A total of 107 Gila trout were sampled ranging in length from 3½ to just over 10 inches. Grapevine Creek had no fish prior to the stocking of Gila trout eggs in April of 2019. The oldest fish are just under two years old now and have already grown to more than 10 inches long. This was one of the first stockings of Gila trout eggs in Arizona and the first to result in fish up to 10 inches.
The estimated population size for adults greater than 5 inches in the creek is approximately 243, with an overall population estimate of approximately 336 trout.
The department’s first effort to stock Gila trout in Grapevine in 2009 ran into challenges from Mother Nature and a wildfire that ultimately caused heavy flows of sediment to wash through the creek. Given the history, this is a huge success and the crew was very excited to survey so many fish in the small perennial creek that is only about ¾ miles in length.
Anglers And Boaters: Remember To ‘Clean, Drain And Dry’
To help prevent spread of aquatic invasive species, the Arizona Game and Fish Department (AZGFD) reminds anglers and other boaters to “clean, drain and dry” — and especially decontaminate — their watercraft and equipment before exiting waters designated as having aquatic invasive species (AIS). This is important whether a boater is an Arizona resident or a winter visitor getting ready to trailer a boat back home. AZGFD, along with authorized contractors, is offering free inspections and decontamination of boats traveling away from AIS-designated waters.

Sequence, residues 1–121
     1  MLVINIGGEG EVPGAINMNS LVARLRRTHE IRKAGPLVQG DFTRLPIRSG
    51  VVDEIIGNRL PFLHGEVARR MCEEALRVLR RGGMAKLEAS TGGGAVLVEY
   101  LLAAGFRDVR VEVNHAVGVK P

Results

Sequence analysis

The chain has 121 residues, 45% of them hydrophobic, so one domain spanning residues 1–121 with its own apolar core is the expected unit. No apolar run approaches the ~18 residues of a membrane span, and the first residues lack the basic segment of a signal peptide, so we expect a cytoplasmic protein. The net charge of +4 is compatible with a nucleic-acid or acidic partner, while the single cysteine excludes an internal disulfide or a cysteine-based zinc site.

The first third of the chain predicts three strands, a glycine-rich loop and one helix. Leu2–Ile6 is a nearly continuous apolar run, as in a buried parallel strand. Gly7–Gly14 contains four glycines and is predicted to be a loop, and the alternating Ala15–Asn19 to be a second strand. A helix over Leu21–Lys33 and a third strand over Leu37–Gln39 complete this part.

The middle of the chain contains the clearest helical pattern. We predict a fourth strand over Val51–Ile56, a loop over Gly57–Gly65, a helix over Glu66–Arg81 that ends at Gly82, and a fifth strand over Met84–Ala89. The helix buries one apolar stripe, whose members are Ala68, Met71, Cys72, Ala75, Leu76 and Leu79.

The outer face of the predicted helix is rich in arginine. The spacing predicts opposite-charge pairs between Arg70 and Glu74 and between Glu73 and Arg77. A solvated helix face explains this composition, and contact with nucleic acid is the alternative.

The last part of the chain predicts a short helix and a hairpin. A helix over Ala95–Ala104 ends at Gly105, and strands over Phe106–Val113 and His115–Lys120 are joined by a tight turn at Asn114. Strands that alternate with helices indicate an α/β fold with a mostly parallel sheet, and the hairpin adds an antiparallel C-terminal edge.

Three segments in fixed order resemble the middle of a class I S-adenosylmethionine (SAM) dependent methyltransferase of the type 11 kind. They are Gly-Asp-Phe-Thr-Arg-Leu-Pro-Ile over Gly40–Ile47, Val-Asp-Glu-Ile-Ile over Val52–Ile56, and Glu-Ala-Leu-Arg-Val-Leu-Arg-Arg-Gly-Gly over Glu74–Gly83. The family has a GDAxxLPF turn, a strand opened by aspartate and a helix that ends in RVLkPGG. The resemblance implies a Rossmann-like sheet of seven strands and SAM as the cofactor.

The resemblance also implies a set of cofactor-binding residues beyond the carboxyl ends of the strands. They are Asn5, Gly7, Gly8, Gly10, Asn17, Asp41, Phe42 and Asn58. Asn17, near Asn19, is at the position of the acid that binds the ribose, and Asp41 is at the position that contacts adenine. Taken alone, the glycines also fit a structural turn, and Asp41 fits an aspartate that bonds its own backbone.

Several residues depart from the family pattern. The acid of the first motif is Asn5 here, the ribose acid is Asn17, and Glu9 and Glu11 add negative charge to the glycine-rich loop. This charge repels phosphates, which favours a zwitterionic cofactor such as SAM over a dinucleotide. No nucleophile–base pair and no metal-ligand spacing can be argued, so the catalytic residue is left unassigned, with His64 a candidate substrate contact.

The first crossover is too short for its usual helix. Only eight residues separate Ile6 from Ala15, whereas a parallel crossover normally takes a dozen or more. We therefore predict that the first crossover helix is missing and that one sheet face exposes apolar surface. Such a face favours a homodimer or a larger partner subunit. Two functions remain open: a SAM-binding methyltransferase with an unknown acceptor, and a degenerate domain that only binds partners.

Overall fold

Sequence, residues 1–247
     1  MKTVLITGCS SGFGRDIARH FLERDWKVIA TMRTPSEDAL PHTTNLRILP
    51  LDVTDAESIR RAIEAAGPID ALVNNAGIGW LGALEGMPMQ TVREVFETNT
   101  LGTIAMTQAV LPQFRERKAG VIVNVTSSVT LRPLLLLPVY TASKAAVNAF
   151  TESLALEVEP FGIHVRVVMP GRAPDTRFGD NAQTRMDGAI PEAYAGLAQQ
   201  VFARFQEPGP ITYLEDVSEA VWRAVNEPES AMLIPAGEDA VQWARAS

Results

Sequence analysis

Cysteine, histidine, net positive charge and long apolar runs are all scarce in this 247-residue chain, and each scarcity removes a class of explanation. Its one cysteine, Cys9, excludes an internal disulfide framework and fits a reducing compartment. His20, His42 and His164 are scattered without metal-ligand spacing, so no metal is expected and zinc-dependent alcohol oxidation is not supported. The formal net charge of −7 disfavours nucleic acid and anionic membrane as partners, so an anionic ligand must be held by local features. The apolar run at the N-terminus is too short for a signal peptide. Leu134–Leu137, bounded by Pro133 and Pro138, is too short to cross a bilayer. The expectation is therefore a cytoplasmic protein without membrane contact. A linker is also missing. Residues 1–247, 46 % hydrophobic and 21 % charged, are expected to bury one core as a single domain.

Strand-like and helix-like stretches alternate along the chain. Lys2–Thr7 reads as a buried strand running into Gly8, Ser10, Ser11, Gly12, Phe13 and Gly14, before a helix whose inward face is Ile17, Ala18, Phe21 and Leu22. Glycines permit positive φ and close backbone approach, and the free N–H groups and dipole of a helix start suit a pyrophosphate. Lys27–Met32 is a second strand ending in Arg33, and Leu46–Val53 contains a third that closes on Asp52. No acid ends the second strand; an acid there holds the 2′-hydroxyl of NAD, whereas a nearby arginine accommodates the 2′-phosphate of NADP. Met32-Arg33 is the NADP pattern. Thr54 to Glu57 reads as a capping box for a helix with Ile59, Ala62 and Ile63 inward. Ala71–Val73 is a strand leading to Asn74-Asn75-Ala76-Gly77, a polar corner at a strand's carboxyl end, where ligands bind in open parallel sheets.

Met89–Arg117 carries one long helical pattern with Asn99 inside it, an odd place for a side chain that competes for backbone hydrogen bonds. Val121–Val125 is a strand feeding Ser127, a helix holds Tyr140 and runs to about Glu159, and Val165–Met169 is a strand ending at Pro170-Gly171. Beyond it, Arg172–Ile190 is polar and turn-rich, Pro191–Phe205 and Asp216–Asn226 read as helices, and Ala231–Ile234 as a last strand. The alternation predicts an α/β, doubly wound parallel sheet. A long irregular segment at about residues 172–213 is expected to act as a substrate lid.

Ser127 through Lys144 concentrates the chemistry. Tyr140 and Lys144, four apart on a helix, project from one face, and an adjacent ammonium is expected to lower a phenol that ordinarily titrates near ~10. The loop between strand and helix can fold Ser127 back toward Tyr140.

“Watercraft inspection and decontamination programs are extremely effective in preventing the spread of AIS, but we need the public’s help,” said Kate Dukette, aquatic invasive species coordinator. “Having your boat inspected and, if necessary, decontaminated is critical in stopping the spread of mussels and AIS into other bodies of water.”
Helping to stop the spread of AIS is the responsibility of everyone working together to protect and keep the state’s waterways clean. In fact, traveling across state lines with AIS can result in fines, quarantines and even impoundments. Decontamination is required for watercraft that have been exposed to quagga mussel-infested waters for six or more consecutive days.
AIS are non-native species that are often unintentionally introduced by human movement. They do not have predators outside of their native range and are able to outcompete native species. They can be animals, plants and even pathogens that cause disease in native fish or other aquatic animals.